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Posted: 1/2/2012 3:44:14 PM EST
Just like the title says, I'm somewhat familar with the process of forging and I know how billets are machined but what I dont know is this difference in performance or the other pro's and con's of each. Could somebody enlighten me on this?


Thanks
Link Posted: 1/2/2012 4:03:57 PM EST
[Last Edit: 1/2/2012 4:05:50 PM EST by Aimless]
Link Posted: 1/2/2012 4:07:46 PM EST
Billet is heavier, More expensive, and weaker (But still strong enough)

only reason to get one is if you think it looks cool imo

Link Posted: 1/2/2012 4:10:02 PM EST
As the others have said, billet receivers look really nice. That's pretty much it.
Link Posted: 1/2/2012 4:12:33 PM EST
I just spoke with a friend of mine about this and his take on it was that the billet is most likely going to be machined to a higher tolerance for a more precise and uniform outcome where as forging can leave some irregularities in the metal.

If forged lowers are stronger and billets are cheaper to produce then why are the billets more expensive and used almost exclusively by the high end manufacturers?
Link Posted: 1/2/2012 4:13:16 PM EST
CNC cutting a forging would be be sweet.
Link Posted: 1/2/2012 4:13:48 PM EST
I asked this same question of someone who was selling billet lowers and they looked at me like I'd caught them in a lie, and then tried to tell me they were "machined" to a tighter tolerance....really? I bought another Stag lower at 1/2 the price.
Link Posted: 1/2/2012 4:21:00 PM EST
[Last Edit: 1/2/2012 4:24:43 PM EST by Saddlerocker]
Originally Posted By Bazzle22:
I just spoke with a friend of mine about this and his take on it was that the billet is most likely going to be machined to a higher tolerance for a more precise and uniform outcome where as forging can leave some irregularities in the metal.

If forged lowers are stronger and billets are cheaper to produce then why are the billets more expensive and used almost exclusively by the high end manufacturers?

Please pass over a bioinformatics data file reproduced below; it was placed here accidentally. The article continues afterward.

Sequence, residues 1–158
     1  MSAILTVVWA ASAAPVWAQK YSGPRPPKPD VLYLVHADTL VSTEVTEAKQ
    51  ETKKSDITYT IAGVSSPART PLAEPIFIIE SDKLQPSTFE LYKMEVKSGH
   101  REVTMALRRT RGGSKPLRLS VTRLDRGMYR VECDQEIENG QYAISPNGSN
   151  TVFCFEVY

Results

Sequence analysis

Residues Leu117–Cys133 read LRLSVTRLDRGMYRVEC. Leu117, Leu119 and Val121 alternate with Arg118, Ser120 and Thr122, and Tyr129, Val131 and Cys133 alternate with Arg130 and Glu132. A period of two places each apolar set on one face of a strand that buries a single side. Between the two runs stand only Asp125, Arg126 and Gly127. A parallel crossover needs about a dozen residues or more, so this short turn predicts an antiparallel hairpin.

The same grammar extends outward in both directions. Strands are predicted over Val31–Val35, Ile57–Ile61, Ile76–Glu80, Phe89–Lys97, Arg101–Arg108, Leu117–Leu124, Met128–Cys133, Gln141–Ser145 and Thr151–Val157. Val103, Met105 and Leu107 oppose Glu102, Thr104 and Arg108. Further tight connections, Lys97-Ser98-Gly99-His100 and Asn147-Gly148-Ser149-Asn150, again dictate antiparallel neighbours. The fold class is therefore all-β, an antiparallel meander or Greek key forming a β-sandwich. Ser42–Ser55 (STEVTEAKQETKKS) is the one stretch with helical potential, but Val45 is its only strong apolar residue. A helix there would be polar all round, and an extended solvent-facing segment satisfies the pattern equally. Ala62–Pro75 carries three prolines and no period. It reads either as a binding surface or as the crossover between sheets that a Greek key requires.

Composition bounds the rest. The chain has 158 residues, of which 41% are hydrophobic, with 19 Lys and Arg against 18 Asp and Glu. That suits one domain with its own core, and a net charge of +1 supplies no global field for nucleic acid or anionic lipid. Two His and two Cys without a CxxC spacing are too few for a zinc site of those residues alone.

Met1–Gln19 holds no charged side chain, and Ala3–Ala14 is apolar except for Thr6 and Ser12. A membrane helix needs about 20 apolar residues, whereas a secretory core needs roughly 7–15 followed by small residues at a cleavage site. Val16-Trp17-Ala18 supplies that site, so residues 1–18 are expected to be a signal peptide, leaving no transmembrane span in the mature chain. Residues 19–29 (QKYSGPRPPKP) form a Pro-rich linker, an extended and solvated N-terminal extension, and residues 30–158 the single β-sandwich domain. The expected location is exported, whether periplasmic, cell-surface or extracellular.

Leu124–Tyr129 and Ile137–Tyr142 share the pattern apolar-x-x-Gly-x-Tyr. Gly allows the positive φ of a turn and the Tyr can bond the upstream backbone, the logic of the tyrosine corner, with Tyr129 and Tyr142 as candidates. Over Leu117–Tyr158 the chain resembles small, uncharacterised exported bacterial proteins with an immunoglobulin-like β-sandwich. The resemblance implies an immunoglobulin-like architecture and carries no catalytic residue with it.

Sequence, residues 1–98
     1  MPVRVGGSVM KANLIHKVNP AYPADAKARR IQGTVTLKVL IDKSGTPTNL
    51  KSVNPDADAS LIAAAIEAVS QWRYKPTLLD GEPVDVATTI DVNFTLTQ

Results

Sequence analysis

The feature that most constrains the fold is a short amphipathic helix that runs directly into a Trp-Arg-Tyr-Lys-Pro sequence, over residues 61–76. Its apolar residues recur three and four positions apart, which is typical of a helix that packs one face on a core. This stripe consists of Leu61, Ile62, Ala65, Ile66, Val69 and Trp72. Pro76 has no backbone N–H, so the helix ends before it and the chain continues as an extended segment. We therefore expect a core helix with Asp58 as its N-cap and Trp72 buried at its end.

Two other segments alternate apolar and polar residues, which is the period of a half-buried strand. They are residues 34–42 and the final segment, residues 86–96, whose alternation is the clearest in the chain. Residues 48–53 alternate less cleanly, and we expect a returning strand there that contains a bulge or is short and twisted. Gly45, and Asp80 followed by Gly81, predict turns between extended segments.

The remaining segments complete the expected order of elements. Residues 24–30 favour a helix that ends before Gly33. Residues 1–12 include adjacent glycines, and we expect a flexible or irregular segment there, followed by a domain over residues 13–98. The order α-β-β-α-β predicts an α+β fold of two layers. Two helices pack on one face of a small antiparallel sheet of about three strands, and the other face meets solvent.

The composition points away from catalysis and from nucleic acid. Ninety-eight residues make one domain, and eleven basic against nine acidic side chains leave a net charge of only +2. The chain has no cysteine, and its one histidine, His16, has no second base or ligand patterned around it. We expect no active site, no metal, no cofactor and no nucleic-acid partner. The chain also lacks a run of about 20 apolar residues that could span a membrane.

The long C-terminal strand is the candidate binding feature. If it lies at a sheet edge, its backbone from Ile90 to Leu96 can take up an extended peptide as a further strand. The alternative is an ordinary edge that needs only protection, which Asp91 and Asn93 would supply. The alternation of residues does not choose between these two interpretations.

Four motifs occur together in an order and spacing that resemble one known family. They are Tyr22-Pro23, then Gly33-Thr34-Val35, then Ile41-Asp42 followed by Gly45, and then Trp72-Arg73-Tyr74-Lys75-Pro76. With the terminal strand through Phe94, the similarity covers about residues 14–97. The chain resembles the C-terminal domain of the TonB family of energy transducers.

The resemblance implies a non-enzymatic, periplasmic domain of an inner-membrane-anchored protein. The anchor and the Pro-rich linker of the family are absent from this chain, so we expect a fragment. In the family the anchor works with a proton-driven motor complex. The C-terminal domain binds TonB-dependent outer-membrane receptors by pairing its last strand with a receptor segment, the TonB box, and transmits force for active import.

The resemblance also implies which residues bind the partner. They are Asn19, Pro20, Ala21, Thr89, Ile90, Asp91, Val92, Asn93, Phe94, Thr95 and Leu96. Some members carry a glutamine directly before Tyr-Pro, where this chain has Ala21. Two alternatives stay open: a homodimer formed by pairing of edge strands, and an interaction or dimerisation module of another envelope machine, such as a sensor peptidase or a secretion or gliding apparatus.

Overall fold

What high end manufacturers exclusively use Billets?
Not...
BCM
DD
Colt
LMT
Vltor
Noveske

Larue is the only one I can think of at the moment



Link Posted: 1/2/2012 4:23:43 PM EST
[Last Edit: 1/2/2012 4:25:10 PM EST by tutone]
A flared mag well is a nice feature on some of the billet lowers. I'm thinking I might use one on my next 3gun build. Not intending to hijack but any suggestion of where to look?
Link Posted: 1/2/2012 4:24:36 PM EST
Link Posted: 1/2/2012 4:25:06 PM EST
[Last Edit: 1/2/2012 4:25:50 PM EST by Aimless]
Link Posted: 1/2/2012 4:30:11 PM EST
Forged > Billet lowers.
Link Posted: 1/2/2012 5:00:41 PM EST
I was wrong, thanks for corecting me on that one. Alot of them say "machined from forgings".
Link Posted: 1/2/2012 5:17:12 PM EST
Originally Posted By doc_Zox:
CNC cutting a forging would be be sweet.



Most if not all commercially available forged lowers are CNC machined.

Link Posted: 1/2/2012 5:19:09 PM EST
I've always wanted one but its simply been due to the "it costs more so it has to be better" mentality. They aren't. And IMO anyone that says that they are better is trying to justify paying way too much for way too little.
Link Posted: 1/2/2012 5:22:31 PM EST
[Last Edit: 1/2/2012 5:23:43 PM EST by Aimless]
Link Posted: 1/2/2012 5:24:09 PM EST
I've had both and neither has given me problems. I SBR'd a billet lower just because I liked the integrated trigger guard.
Link Posted: 1/2/2012 5:30:38 PM EST
Billet lowers are heavier than forged?

for some reason I thought they were lighter...looks like i'll stick to forged.
Link Posted: 1/2/2012 5:32:04 PM EST
Originally Posted By Aimless:

Originally Posted By Bazzle22: